Jon Chait pretty much sums up my feelings on The New York Post's monkey cartoon, but this whole controversy, which is showing surprising staying power on cable television and the internet, does reveal something particularly irksome about our media culture. Yesterday, The Huffington Post's Sam Stein reported as follows:

At its most benign, the cartoon suggests that the stimulus bill was so bad, monkeys may as well have written it. Others believe it compares the president to a rabid chimp. Either way, the incorporation of violence and (on a darker level) race into politics is bound to be controversial. Perhaps that's what [the cartoonist] wanted.

Stein's first and second sentences suggest that the cartoon is either a harmless, unfunny joke, or despicable racism. Stein's third sentence, however, seems to say that "either way," the cartoon has injected race into the conversation, which is "bound to be controversial." What exactly does this mean? If the cartoon is not racist (as seems pretty obvious to me), then it did not inject race into anything--Stein (and Al Sharpton, and others reporting this story) did. And why, exactly, is it destined to be controversial? Well, presumably because it has been reported as perhaps being racist. Sharpton called the cartoon "troubling at best" but that makes even less sense than Stein's comment. If the cartoon is not racist, then the only troubling thing is that Sharpton is making a big deal out of it. 

This meta-controversy put me in mind of the Paul Wolfowitz scandal from a couple of years ago. In that episode, Wolfowitz was suspected of violating World Bank ethics rules, which led to commentary like this (from Sebastian Mallaby):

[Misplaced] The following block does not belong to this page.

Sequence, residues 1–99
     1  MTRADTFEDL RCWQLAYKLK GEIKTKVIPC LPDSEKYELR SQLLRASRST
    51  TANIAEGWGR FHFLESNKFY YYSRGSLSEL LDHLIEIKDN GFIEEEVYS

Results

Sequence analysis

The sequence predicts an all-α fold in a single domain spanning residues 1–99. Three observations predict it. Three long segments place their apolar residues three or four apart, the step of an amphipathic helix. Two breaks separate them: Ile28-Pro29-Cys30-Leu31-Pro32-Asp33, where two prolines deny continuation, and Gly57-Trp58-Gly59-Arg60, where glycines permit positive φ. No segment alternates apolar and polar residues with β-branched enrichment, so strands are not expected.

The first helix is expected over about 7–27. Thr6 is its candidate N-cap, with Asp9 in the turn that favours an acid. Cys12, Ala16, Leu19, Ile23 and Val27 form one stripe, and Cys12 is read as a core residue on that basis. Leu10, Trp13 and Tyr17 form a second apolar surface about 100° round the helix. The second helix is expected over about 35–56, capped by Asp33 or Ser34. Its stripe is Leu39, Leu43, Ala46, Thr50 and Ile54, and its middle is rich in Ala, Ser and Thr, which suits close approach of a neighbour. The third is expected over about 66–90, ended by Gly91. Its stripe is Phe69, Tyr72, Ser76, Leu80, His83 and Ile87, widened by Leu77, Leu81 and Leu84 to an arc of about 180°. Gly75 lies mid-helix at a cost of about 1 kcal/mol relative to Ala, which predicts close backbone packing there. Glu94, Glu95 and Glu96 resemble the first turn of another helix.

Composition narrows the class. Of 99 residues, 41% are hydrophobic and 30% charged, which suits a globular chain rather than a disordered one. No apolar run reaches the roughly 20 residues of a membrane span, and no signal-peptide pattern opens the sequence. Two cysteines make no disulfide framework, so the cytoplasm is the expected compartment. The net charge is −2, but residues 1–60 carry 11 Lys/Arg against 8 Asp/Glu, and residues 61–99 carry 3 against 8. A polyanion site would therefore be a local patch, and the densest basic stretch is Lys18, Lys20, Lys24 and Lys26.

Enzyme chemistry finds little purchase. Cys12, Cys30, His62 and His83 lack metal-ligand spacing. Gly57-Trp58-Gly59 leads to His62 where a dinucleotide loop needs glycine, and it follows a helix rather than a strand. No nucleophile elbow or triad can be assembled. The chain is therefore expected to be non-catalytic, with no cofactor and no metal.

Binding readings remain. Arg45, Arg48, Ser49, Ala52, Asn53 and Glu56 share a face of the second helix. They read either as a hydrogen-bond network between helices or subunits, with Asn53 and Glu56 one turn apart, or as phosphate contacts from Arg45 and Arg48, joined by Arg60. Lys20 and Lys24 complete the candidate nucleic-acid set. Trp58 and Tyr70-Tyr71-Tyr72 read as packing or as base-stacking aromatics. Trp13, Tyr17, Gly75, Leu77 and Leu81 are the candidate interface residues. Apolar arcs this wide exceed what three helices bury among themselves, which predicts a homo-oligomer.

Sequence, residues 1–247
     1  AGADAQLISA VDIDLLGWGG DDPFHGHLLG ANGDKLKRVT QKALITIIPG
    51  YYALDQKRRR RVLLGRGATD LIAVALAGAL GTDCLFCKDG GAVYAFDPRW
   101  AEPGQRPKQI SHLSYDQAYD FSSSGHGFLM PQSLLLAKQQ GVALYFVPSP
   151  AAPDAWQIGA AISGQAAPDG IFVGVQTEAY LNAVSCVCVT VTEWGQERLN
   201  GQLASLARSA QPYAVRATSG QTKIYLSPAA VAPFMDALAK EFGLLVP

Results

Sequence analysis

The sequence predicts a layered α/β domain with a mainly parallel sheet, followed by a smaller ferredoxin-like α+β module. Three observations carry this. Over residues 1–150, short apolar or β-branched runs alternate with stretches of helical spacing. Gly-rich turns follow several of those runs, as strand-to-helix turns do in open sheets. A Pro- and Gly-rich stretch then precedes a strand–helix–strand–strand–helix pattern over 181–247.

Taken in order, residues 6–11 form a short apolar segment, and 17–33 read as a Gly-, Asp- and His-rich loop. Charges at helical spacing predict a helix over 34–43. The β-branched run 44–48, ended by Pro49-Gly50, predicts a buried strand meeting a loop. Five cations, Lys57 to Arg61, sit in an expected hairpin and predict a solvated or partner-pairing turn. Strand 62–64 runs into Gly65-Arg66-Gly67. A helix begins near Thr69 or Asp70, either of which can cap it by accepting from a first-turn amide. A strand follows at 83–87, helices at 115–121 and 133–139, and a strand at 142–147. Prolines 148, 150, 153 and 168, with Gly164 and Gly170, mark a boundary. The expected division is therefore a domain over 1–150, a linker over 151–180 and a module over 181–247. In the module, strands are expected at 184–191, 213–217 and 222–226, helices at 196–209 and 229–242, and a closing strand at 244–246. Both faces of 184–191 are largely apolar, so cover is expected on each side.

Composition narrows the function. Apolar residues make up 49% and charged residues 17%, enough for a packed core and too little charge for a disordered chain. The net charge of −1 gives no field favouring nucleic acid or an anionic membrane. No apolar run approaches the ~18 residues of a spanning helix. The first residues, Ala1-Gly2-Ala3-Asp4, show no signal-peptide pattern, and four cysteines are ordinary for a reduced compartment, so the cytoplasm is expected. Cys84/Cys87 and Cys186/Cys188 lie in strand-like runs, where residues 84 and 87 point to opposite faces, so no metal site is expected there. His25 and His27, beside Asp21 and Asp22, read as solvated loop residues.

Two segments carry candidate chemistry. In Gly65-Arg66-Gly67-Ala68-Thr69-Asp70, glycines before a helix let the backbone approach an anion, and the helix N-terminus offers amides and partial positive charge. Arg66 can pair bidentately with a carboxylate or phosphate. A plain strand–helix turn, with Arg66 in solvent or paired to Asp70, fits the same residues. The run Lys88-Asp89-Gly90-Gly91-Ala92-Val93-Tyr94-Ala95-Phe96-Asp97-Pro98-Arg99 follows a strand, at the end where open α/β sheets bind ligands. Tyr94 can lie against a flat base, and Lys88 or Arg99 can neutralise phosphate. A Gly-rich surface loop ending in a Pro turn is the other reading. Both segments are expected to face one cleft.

The scandal over his girlfriend's pay is the final nail in Wolfowitz's anti-corruption efforts. It has created a situation in which the bank can't publicize its new anti-corruption manual, "The Many Faces of Corruption," because doing so would invite ridicule.

Mallaby is doing something slightly different from Stein, of course. Still, the implication is that because Wolfowitz was "perceived" to have done something wrong, negative consequences will follow (in this case, countries would use Wolfowitz as an excuse to act less positively in the international arena). But Mallaby is not calling out these countries; instead, he is furthering the "Wolfowitz has no credibility, therefore..." narrative. Of course credibility is a construct of...places like The Washington Post's op-ed page, just like the reaction to a stupid cartoon is determined in large part by outlets like HuffPo and media figures like Sharpton. 

If you have no good reason to think a cartoon is racist, then do not stoke the flames of controversy. And if you do not have proof that a public official did something wrong, do not passively stand-by while others use the brouhaha to weasel out of unrelated obligations. Part of the burden of covering or commenting on a story is accepting that your coverage helps define that story.

--Isaac Chotiner